A more positive and productive possibility is for the individual to access the frontal lobes—the higher brain—as (despite being hurt, upset, and angry) he asks himself, Did I trigger that by what I said? or Is he having a bad day today? or I don’t know what happened, but how can I clear it up?

If we manage to develop a balanced brain stem during our first seven years, we will know when we are in true danger and will have the ability to get out of it. Thus we will not turn from “mice” into “lions” when our fight-or-flight reaction is triggered.

How Adults Can Support Children in Their Development

Within this vast subject of child development, one important question to ask is this: In what way can we support ourselves so that we can support children?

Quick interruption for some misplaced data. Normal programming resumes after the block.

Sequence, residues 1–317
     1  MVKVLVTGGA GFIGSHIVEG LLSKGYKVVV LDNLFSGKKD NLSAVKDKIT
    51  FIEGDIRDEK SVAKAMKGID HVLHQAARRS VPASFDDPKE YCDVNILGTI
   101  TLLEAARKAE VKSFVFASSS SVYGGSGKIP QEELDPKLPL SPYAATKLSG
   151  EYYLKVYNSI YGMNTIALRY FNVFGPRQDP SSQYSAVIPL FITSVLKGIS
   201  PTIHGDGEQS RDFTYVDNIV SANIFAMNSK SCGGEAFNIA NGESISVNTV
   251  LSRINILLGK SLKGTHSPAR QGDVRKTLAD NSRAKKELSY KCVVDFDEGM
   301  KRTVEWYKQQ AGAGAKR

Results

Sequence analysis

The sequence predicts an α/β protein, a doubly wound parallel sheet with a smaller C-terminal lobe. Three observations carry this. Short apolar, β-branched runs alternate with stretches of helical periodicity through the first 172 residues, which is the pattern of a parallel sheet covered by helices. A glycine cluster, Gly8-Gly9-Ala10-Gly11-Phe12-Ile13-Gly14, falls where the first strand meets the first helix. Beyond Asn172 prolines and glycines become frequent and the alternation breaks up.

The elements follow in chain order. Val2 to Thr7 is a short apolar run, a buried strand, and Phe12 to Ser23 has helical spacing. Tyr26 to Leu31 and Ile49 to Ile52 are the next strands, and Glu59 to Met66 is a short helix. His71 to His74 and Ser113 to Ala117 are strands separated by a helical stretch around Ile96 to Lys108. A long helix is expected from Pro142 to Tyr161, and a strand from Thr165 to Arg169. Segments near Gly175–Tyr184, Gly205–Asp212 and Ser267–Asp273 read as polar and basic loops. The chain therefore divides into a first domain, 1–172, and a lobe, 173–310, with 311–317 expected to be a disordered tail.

My understanding is that, whenever we spend time with a child who is in the formative years leading up to age seven—even if we only say hello—we affect that child, for better or worse, in a meaningful way. If this is true, and I do believe it to be so, then think of the hours upon hours we spend with our children, or with other people’s children. How balanced are we, and what messages do we impart to them? Children can be wonderful teachers to us, for if we are willing to observe and take in the lessons, we can gauge the effects of our interactions with them through their reactions.

In daily life, we continuously go in and out of balance. The ability to notice these fluctuations and to support ourselves in maintaining an overall balanced state by using good tools (an excellent one being Brain Gym®, which I have used for the past twenty years), is what gives us an optimal life experience. Our state of balance affects our judgments, relationships, and day-to-day involvement in life. Our deeper feelings about ourselves are what we put out into the world, and others, especially very young children, relate and react to our state.